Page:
Net depreciable properties
231,785

 
239,933

Land and land improvements
105,450

 
109,404

Net property and equipment
$
337,235

 
$
349,337


On March 15, 2018, the Company sold certain parcels comprised of citrus trees and land located on its Ranch One grove for approximately $586,000 and recognized a loss of approximately $87,000. As part of the transaction, the revenues generated from these parcels during the 2017/2018 harvest season were allocated to the purchaser.


7



Note 5. Long-Term Debt and Lines of Credit

The following table summarizes long-term debt and related deferred financing costs net of accumulated amortization at June 30, 2018 and September 30, 2017:

 
June 30, 2018
 
September 30, 2017
 
Principal
 
Deferred Financing Costs, Net
 
Principal
 
Deferred Financing Costs, Net
 
(in thousands)
 
 
 
 
 
 
 
 
Long-term debt, net of current portion:
 
 
 
 
 
 
 
Met Fixed-Rate Term Loans
$
97,500

 
$
865

 
$
99,062

 
$
954

Met Variable-Rate Term Loans
47,438

 
398

 
49,594

 
439

Met Citree Term Loan
4,950

 
45

 
5,000

 
49

Pru Loans A & B
17,707

 
245

 
23,030

 
258

Pru Loan E
4,730

 
19

 
4,895

 
25

Pru Loan F
4,730

 
41

 
4,895

 
42

 
177,055

 
1,613

 
186,476

 
1,767

Less current portion
5,250

 

 
4,550

 

Long-term debt
$
171,805

 
$
1,613

 
$
181,926

 
$
1,767


The following table summarizes lines of credit and related deferred financing costs net of accumulated amortization at June 30, 2018 and September 30, 2017:

 
June 30, 2018
 
September 30, 2017
 
Principal
 
Deferred Financing Costs, Net
 
Principal
 
Deferred Financing Costs, Net
 
(in thousands)
 
 
 
 
 
 
 
 
Lines of Credit:
 
 
 
 
 
 
 
RLOC
$

 
$
71

 
$

 
$
109

WCLC

 
127

 

 
153

Lines of Credit
$

 
$
198

 
$

 
$
262


Future maturities of long-term debt and lines of credit as of June 30, 2018 are as follows:
(in thousands)
 
 
 
Due within one year
$
5,250

Due between one and two years
10,950

Due between two and three years
10,975

Due between three and four years
14,825

Due between four and five years
10,755

Due beyond five years
124,300

 
 
Total future maturities
$
177,055


8




Interest costs expensed and capitalized were as follows:
(in thousands)
 
 
 
 
 
 
 
 
Three Months Ended June 30,
 
Nine Months Ended June 30,
 
2018
 
2017
 
2018
 
2017
Interest expense
$
2,188

 
$
2,223

 
$
6,682

 
$
6,924

Interest capitalized
166

 
74

 
447

 
201

Total
$
2,354

 
$
2,297

 
$
7,129

 
$
7,125

Credit Facilities

The Company's credit facilities initially consisted of $125,000,000 in fixed interest rate term loans (“Met Fixed-Rate Term Loans”), $57,500,000 in variable interest rate term loans (“Met Variable-Rate Term Loans”), and a $25,000,000 revolving line of credit (“RLOC”) with Metropolitan Life Insurance Company and New England Life Insurance Company (collectively “Met”), and a $70,000,000 working capital line of credit (“WCLC”) with Rabo Agrifinance, Inc. (“Rabo”).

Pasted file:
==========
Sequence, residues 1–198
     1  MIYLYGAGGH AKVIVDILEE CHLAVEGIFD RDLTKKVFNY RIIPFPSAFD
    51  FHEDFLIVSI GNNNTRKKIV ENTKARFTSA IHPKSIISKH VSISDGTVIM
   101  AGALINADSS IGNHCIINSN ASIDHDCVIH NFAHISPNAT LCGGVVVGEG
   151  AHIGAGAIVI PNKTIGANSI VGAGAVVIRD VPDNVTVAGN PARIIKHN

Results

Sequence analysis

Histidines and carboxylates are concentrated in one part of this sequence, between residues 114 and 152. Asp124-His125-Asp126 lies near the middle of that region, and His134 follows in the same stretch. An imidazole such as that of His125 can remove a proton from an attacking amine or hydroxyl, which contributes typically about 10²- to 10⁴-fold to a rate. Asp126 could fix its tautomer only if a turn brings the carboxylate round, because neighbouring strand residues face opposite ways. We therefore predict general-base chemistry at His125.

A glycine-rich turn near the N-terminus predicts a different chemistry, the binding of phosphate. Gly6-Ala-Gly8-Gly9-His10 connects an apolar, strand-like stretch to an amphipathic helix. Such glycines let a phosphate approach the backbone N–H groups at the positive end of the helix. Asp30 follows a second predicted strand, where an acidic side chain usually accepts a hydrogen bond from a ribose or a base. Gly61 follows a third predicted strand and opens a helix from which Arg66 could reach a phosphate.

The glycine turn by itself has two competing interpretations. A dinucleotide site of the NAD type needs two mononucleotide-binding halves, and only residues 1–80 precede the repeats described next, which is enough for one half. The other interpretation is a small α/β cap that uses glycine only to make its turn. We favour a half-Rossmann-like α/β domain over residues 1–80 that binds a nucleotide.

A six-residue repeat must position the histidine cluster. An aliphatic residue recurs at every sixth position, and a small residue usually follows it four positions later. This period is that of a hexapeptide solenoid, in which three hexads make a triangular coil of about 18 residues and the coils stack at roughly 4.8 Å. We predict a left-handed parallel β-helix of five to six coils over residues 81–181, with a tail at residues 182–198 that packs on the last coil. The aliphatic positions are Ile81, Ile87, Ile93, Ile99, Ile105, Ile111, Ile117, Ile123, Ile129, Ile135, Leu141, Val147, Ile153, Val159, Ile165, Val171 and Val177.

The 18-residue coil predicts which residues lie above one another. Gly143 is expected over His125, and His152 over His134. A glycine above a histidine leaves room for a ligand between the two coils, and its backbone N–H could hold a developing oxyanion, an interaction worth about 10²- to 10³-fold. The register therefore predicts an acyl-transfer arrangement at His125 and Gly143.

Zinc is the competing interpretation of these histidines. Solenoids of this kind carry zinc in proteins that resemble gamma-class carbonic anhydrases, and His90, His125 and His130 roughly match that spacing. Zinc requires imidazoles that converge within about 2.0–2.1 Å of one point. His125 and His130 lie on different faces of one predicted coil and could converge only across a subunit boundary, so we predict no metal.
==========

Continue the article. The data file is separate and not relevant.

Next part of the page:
The term loans and RLOC are secured by real property. The security for the term loans and RLOC consists of approximately 38,200 gross acres of citrus groves and 5,762 gross acres of ranch land. The WCLC is collateralized by the Company’s current assets and certain other personal property owned by the Company.

The term loans, collectively, are subject to quarterly principal payments of $2,281,250, and mature November 1, 2029. The Met Fixed-Rate Term Loans bear interest at 4.15% per annum, and the Met Variable-Rate Term Loans bear interest at a rate equal to 90 day LIBOR plus 150 basis points (the “LIBOR spread”). The LIBOR spread was adjusted by the lender on May 1, 2017 and is subject to further adjustment by the lender on May 1, 2019 and every two years thereafter until maturity. Interest on the term loans is payable quarterly.
The interest rates on the Met Variable-Rate Term Loans were 4.01% per annum and 2.96% per annum as of June 30, 2018 and September 30, 2017, respectively. 
The Company may prepay up to $8,750,000 of the Met Fixed-Rate Term Loan principal annually without penalty, and any such prepayments may be applied to reduce subsequent mandatory principal payments. The maximum annual prepayment was made for calendar year 2015. During the first and second quarter of fiscal 2018, the Company elected not to make its principal payment and utilized its prepayment to satisfy its principal payment requirements for such quarters. At June 30, 2018, the Company had $5,625,000 remaining available to reduce future mandatory principal payments should the Company elect to do so. The Met Variable-Rate Term Loans may be prepaid without penalty.
The RLOC bears interest at a floating rate equal to 90 day LIBOR plus 150 basis points, payable quarterly. The LIBOR spread was adjusted by the lender on May 1, 2017 and is subject to further adjustment every two years thereafter. Outstanding principal, if any, is due at maturity on November 1, 2019. The RLOC is subject to an annual commitment fee of 25 basis points on the unused portion of the line of credit. The RLOC is available for funding general corporate needs. The variable interest rate was 4.01% and 2.96% per annum as of June 30, 2018 and September 30, 2017, respectively. Availability under the RLOC was $25,000,000 as of June 30, 2018.
The WCLC is a revolving credit facility and is available for funding working capital and general corporate requirements. The interest rate on the WCLC is based on the one month LIBOR, plus a spread, which is adjusted quarterly, based on the Company's debt service coverage ratio for the preceding quarter and can vary from 175 to 250 basis points. The rate is currently at LIBOR plus 175 basis points. The variable interest rate was 3.73% per annum and 2.99% per annum as of June 30, 2018 and September 30, 2017, respectively. The WCLC agreement was amended on September 30, 2017, and the primary terms of the amendment were an extension of the maturity to November 1, 2019. There were no changes to the commitment amount or interest rate. Availability under the WCLC was approximately $59,700,000 as of June 30, 2018 and September 30, 2017, respectively.